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King Henry V: Noble Hero or Devious Brute?

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King Henry V: Noble Hero or Devious Brute? Arguably, William Shakespeare created the historical play, King Henry V for propaganda purposes. Requested by King Henry's distant relative Queen Elizabeth, the play portrays the main character, King Henry, in different aspects and facets. As a playwright of the time, Shakespeare felt he had to turn what was seen as a simple war hero into a complex character to make the play more interesting and to his liking. In this play Henry, upon his father's death, rapidly changed from a wild, boisterous youth, to a responsible, powerful king, faced with the decision of invading France. He won the battle with a small army against a large opposition and from his victory claimed a wife, Princess Katherine, from the French side. This essays intention is to explore Henry's character, whether he has the qualities of a noble hero or a devious brute. We must keep in mind how Shakespeare wanted the audience, perhaps the ruling monarchy at that time, to digest this play and their interpretations of Henry's character. The audience's first impression of Henry is influenced by their first taste of the play, the chorus. Read by the narrator, the chorus sets the scene for each act and summarizes part of the plot, introducing dramatic irony and different themes into the play. ...read more.


The French seem to respect him as a king, apart from the Dauphin who has been shown to be young and na�ve by sending Henry the tennis ball insult that partly triggered this whole siege. As the French king says, the Dauphin is 'Much mistaken in this king (Henry)'. Henry is described by the French king and the Constable with words and phrases like, 'fatal', 'royally', 'courage', 'fierce', 'noble' and 'strong'. These descriptions represent a Henry in a positive light and Shakespeare does this to show that Henry intimidates other rulers. The French, not including the Dauphin, obviously view Henry as something as a strong, noble, caring and influential. Henry shows these also in person by his skill of bringing moral and courage to his army at the siege of Harfleur, which is defiantly a good thing to have as king. Sometimes Henry doesn't show the moral lifting skills that he is famous for. On his march to Agincourt, Henry's old friend, Bardolph, was needlessly charged with death for 'robbing a church'. Henry just let him be executed seemingly not caring that Bardolph was a good friend and a reminder of his wild and exciting past. Henry treated Bardolph as an 'offender' that did a horrendous crime, which it was not, and took his life for the sake of being an example to the rest of his army. ...read more.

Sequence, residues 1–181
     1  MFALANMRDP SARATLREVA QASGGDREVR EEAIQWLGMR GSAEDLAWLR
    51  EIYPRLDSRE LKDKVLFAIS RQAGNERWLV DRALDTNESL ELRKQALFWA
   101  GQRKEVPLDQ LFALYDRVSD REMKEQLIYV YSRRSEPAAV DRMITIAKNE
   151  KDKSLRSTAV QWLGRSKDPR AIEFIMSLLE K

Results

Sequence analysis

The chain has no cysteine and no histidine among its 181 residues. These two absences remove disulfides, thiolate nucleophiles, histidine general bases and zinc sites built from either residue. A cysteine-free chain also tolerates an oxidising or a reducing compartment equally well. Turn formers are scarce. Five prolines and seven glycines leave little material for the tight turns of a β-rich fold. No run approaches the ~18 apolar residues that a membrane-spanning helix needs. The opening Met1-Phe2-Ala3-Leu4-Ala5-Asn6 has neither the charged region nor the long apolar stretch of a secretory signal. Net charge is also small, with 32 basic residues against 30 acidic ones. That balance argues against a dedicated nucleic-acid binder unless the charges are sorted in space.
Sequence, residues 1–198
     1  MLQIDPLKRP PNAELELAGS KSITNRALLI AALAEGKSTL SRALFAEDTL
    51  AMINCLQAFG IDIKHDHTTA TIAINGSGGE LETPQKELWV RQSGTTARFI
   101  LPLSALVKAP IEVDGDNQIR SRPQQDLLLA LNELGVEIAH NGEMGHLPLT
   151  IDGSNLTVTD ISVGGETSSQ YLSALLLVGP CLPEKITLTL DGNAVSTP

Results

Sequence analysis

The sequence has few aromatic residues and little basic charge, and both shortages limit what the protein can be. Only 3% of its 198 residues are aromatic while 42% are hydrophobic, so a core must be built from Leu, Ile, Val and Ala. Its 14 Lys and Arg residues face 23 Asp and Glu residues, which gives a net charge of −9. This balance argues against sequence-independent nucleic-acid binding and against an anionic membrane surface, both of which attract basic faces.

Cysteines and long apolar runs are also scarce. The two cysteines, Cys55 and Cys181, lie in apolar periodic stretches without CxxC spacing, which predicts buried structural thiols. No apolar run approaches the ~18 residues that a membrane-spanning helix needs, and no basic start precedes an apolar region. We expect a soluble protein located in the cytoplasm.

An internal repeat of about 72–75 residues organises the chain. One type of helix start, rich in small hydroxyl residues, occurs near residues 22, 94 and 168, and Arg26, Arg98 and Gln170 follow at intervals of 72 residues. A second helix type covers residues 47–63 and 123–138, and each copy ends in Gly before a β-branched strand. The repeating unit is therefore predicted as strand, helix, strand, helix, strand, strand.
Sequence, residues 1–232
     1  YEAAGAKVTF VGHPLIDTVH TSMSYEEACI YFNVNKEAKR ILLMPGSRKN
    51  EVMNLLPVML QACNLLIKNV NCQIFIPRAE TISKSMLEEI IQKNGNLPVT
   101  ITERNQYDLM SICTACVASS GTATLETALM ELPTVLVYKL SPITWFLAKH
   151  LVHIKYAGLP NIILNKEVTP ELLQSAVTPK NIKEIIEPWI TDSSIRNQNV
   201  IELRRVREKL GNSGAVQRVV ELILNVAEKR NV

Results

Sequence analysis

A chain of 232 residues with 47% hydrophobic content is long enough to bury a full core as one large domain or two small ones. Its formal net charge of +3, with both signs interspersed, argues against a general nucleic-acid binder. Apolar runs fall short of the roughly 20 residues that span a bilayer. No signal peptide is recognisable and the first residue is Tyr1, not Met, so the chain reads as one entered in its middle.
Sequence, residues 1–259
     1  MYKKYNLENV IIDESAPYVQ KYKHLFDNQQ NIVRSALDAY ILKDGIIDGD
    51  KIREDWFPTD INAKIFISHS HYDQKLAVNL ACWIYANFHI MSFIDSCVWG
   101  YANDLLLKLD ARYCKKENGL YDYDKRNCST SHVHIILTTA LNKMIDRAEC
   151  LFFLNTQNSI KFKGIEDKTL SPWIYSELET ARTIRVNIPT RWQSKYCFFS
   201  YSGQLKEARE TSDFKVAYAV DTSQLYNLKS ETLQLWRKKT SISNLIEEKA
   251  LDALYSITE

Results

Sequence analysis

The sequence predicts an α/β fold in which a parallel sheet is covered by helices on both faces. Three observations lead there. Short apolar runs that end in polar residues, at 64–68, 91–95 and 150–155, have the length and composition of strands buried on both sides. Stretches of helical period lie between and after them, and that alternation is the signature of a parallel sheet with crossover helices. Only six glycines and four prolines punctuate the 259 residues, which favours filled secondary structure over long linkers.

Their marriage signifies the end of the play. In Conclusion, this whole essay presents my opinion. It was extremely hard to balance this essay, as there are many more issues in the play that point to Henry as being more of a noble hero. I do admit, however, that there is a slight element of deviousness in his actions, but they are only necessary steps to being a hero. The play portrays Henry as a real person under pressure and burdened with the responsibility of ruling a country. It seems that he is more servant to his country but presents himself as much more then that as to be careful he does not get a bad image or thrown over, so he can rule England well. I thought that he tried his best and even though he did not feel confident, to defeat France and has an amazing skill of understanding his soldiers, therefore knowing how to lift their morals. Everything he does is noble and heroic, pardoning a few compulsory decisions that can be justified. All in all Henry was a good king and that was how Shakespeare wanted to portray him, only including a sense of deviousness and power to Henry's image to show he can control, only letting his real self slip out once in a while. This keeps the audience interested in the play so they can find out what kind of person Henry is as it unravels his character throughout the play. ...read more.

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